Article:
Island Art: Inside Out

Island Art: Inside Out

Michael Singman-Aste

Photos by Michael Singman-Aste.

A heron rises above the water in “Taking Off,” a serene watercolor painted by a man who murdered a woman in her Bakersfield home after sexually assaulting her. The image is being used to advertise “Inside Out,” which opened at REDUX Studios & Gallery on February 14, featuring artwork from some of the more than 700 men on San Quentin’s death row. Is his crime irrelevant, or entirely the point? The exhibit is a joint venture of Saint Vincent de Paul, which operates REDUX, and St. John Bosco Prison Ministry at Holy Spirit church in Fremont.

Reaction to the exhibit by the public has been “generally positive,” according to Chris Rummell, manager of REDUX. A frequent comment, Rummell said, is that visitors “were surprised about how ordinary the paintings were.

"(I)t was not what they expected in the sense that they were pretty straightforward," Rummell said. "That they were landscape scenes and not, maybe what they would have expected, which was some of the intention for producing the exhibit in the first place.”

There is some quite capable work, especially oil landscapes by a man named John Connor, but he is something of a ringer: After a search of the California Department of Corrections & Rehabilitation showed no such person among the ranks of its prisoners, Kathy Weber of the prison ministry explained, “he is the only man in the show who is probably not from death row.” (Apparently his work was donated to the ministry by another inmate.) Most show less training, and appear to be first attempts at painting, perhaps in an art class.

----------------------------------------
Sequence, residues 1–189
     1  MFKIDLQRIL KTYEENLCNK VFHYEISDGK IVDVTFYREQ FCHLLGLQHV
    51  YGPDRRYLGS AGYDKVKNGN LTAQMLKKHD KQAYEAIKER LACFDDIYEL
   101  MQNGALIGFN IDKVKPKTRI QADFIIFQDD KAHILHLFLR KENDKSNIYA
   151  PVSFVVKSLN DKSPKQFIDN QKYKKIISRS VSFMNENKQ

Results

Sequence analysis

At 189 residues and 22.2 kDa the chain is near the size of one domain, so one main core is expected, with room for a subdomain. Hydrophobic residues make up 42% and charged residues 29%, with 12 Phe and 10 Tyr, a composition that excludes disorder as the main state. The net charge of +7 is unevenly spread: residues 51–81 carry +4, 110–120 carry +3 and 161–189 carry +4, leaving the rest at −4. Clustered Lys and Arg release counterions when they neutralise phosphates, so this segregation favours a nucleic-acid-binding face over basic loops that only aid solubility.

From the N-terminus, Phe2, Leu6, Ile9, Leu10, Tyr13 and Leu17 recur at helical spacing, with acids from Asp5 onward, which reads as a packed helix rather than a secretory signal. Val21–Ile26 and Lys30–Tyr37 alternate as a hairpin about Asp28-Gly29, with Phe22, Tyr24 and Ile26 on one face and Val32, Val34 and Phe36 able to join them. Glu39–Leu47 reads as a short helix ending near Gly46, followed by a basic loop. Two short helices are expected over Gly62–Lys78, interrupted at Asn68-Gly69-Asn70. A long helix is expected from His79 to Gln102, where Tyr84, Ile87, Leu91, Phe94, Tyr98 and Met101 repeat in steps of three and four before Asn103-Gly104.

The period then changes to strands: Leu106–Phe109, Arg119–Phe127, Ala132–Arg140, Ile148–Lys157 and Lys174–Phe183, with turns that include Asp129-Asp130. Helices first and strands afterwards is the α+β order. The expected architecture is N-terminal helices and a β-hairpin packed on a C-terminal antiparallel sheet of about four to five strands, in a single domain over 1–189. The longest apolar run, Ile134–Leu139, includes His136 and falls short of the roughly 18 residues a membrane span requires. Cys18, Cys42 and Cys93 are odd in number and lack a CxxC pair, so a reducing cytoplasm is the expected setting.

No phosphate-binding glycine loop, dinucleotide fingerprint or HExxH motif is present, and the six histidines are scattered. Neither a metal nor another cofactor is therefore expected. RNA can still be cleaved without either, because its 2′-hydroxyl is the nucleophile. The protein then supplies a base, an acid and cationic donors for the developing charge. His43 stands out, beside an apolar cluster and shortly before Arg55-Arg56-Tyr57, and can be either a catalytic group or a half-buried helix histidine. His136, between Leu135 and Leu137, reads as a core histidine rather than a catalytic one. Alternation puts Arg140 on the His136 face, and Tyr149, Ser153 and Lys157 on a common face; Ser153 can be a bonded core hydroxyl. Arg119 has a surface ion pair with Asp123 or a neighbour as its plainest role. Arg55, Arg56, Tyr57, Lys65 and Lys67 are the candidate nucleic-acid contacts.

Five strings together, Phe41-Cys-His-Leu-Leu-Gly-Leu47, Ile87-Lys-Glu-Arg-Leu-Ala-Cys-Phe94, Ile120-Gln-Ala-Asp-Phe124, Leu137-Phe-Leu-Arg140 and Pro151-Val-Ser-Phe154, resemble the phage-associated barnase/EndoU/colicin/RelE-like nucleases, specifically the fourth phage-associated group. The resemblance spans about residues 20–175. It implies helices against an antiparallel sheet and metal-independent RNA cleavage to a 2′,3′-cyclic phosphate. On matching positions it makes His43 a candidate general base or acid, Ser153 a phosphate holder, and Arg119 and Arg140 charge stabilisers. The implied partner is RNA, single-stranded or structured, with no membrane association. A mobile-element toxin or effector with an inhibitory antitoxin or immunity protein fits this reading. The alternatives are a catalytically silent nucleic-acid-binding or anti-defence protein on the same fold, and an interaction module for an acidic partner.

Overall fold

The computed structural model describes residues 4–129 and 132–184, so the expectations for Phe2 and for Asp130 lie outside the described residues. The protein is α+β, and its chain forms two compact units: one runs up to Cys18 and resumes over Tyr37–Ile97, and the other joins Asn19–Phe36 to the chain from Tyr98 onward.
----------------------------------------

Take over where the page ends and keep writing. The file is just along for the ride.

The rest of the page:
Americana was a popular theme among the artists. There is a painting of an eagle that is not half bad, done by a man who strangled a 14-year old girl and attempted to beat her 15-year old friend to death, and frolicking lion cubs and bucolic Native Americans with their teepees by a man who raped and murdered a nine-year old girl he kidnapped on her way home from school.

There are some nice ink stippling botanicals. “Do you want a specific scene done for yourself or as a gift to someone?” asks the artist, who shot and killed two people and wounded two others in a robbery. One inmate crochets children’s hats, and they look cozy, if one overlooks the grisly irony that he was sentenced to death for shooting a four-year-old boy in the head while robbing his father’s jewelry store in Oakland. Is his craft an attempt to come to grips with what he has done?

The inmates’ crimes are not listed at the venue, and their names do not even appear on the walls, but it is easy enough to connect the dots using the artist statements and portfolios on hand, combined with a quick Google search. And it is not irrelevant. Arguably the vast majority of pieces would never be considered for exhibition except for the fact that their creators are condemned murderers and rapists.

Among the 700+ inmates there are almost certainly some who are innocent. In the case of one of the exhibiting artists, two justices dissented in the decision to uphold his conviction “on the grounds that prosecutors may have improperly excused prospective black jurors.” Another man’s “artist statement” is devoted to proclaiming his innocence and asks for financial support so he can pursue a law degree, “which will aid in expediting my exoneration,” he wrote.